”Chaser, Morihito Katsura”  Looking to expand the creativity of Engraving

”Chaser, Morihito Katsura”
Looking to expand the creativity of Engraving

Drawing patterns by engraving metal

”I’m not exaggerating when I say that the ”katana” encompasses all aspects of ”kogei”.” commented Important Cultural Asset holder Morihito Katsura. He told us that all forms of ”kogei” other than ceramics and porcelain are embodied in the ”katana”. Of course, that includes chasing.
Chasing is the art of engraving metal to create a decoration. It is a skill with a long history, and has been found in ruins from the Tumulus period. In Japan, it has been used in abundance to decorate artworks related to Buddhism, and during the Muromachi period, it developed as decorations on swords and suits of armor.
”During the war, warlords assigned land to reward his followers. But during Edo period, in times of peace, elaborately adorned swords and suits of armor were given instead. Embellished sword and armor were in great demand, especially among feudal lords with many followers.” In modern times, chasing was used to decorate utensils and ”obi-dome” in addition to battle gear.

Creating 3 dimensional designs

Looking at Katsura’s work, Nakata commented, ”It not only involves skill, but the design is very stylish!” ”Well, I put a lot of thought into the design as well,” Katsura answered. He creates various objects including vases, incense burners, and ”obidome” shaped like a minnow in 3-dimension.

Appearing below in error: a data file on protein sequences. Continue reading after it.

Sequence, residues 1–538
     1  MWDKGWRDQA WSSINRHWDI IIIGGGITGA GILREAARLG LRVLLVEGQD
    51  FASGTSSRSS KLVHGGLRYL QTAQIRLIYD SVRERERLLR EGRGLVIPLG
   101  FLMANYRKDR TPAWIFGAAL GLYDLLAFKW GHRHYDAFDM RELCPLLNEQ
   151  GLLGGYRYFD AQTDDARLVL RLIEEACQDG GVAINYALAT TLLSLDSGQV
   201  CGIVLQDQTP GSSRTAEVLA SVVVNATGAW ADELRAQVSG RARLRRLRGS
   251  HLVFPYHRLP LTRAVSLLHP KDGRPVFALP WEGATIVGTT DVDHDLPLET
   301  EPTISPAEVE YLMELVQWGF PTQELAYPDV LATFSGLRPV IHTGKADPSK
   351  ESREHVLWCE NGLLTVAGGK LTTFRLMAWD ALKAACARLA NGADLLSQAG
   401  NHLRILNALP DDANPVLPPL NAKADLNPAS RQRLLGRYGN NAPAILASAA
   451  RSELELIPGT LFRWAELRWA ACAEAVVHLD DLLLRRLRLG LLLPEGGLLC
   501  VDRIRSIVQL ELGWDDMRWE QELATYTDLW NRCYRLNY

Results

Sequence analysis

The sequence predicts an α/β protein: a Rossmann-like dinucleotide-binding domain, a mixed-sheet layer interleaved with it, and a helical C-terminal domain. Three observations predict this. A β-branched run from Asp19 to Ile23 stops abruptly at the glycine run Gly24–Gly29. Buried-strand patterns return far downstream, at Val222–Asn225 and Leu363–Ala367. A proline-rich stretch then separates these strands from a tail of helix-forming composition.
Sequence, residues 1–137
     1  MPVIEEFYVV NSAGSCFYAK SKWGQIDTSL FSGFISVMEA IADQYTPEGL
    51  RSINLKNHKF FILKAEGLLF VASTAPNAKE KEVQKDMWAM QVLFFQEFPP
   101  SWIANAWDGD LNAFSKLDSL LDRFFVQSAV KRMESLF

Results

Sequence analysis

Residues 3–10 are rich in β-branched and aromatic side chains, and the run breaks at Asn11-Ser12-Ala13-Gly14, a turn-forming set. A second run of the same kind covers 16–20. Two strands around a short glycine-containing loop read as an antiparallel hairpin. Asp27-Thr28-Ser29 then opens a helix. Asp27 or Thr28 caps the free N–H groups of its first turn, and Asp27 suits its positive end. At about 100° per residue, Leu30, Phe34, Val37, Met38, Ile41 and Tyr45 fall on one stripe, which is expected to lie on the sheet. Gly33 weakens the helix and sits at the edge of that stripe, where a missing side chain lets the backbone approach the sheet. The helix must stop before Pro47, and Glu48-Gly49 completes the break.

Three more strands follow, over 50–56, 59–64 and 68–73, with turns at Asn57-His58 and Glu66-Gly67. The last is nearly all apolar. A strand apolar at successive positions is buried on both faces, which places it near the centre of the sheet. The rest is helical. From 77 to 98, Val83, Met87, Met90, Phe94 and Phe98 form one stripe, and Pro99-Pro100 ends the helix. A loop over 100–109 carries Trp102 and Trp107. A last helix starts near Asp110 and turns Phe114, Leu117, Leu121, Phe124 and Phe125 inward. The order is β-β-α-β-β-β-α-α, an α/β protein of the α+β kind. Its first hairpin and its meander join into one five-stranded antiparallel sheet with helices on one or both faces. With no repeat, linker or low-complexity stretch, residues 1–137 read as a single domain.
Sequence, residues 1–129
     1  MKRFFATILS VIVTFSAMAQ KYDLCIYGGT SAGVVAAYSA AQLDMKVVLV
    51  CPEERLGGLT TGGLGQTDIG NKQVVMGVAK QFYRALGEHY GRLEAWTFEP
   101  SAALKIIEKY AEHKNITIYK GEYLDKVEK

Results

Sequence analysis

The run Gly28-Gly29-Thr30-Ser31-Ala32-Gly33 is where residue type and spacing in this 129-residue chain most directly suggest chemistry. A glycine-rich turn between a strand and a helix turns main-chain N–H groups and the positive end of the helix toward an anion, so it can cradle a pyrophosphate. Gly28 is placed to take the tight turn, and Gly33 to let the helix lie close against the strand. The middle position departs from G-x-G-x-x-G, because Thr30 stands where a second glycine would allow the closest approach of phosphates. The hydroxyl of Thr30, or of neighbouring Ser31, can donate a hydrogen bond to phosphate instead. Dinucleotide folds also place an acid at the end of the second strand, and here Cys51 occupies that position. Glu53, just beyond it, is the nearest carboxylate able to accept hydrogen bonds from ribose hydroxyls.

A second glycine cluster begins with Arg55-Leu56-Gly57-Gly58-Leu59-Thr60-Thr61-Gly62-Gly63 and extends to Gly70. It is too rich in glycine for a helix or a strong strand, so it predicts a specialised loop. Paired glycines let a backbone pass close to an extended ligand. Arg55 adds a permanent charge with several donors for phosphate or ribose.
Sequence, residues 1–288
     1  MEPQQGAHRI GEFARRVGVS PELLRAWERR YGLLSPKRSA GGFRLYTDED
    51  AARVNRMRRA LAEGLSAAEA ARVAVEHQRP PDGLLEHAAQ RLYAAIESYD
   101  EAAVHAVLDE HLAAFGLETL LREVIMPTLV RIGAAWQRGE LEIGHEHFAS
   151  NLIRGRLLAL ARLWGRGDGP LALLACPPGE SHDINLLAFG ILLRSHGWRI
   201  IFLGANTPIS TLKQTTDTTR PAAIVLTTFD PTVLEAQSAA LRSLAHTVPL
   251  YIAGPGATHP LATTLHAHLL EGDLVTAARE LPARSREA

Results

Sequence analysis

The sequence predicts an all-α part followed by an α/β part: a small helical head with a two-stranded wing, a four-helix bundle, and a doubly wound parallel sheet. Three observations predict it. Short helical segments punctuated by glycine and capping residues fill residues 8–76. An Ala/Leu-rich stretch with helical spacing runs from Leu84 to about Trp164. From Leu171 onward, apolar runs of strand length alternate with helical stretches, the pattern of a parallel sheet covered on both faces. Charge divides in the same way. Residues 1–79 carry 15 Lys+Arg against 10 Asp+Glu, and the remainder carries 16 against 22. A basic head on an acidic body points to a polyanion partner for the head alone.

”People judge our pieces based on whether or not they like it. Technique and skill come next. So it’s important to place priority on design.”
Design is made possible by technique. A feature of Katsura’s work is that they are 3-dimensional. It is a rare skill very few possess in Japan. In addition, Katsura is said to be the only one who can create the ”height”. A metal alloy called ”shibuichi,” which combines silver and bronze, is very hard, lacks ductility, melts easily with heat. This makes it extremely difficult to stretch to give it height.

Chasing in its entirety

Nakata had the opportunity to try engraving a relief. This ended up being quite difficult. It was hard to engrave the plum blossom design, requiring a lot of concentration, but he also needed to adjust how hard he hit the chisel to adjust the depth. Watching Nakata struggle, Katsura gave him words of encouragement ”Yes, I think you’re getting the hang of it. That’s it.”
Katsura’s work have a lot to do with inlay casting and hammering, requiring a lot of skill.
”There is a method called ”iroage” where you put metal into chemical agents, and the metal turns into its original color as a result of the chemical reaction. There are about 7 different colors of metal. In the west, metals do not have this much variation in color. ”
In addition to the variety of metals in Japan, the range of expression is expanded by pasting silver foil on the surface of the vase, or shaving a part off and adding an inlay with another kind of metal.
”There is a limit to what you can achieve with a single technique. Chasing or metal engraving is a total of all the different techniques.” Katsura said in conclusion.
Katsura continues with his challenge in pursuit of a new expression.


Chaser Morihito Katsura
Nerima Tokyo
URL http://www.katsura-morihito.com/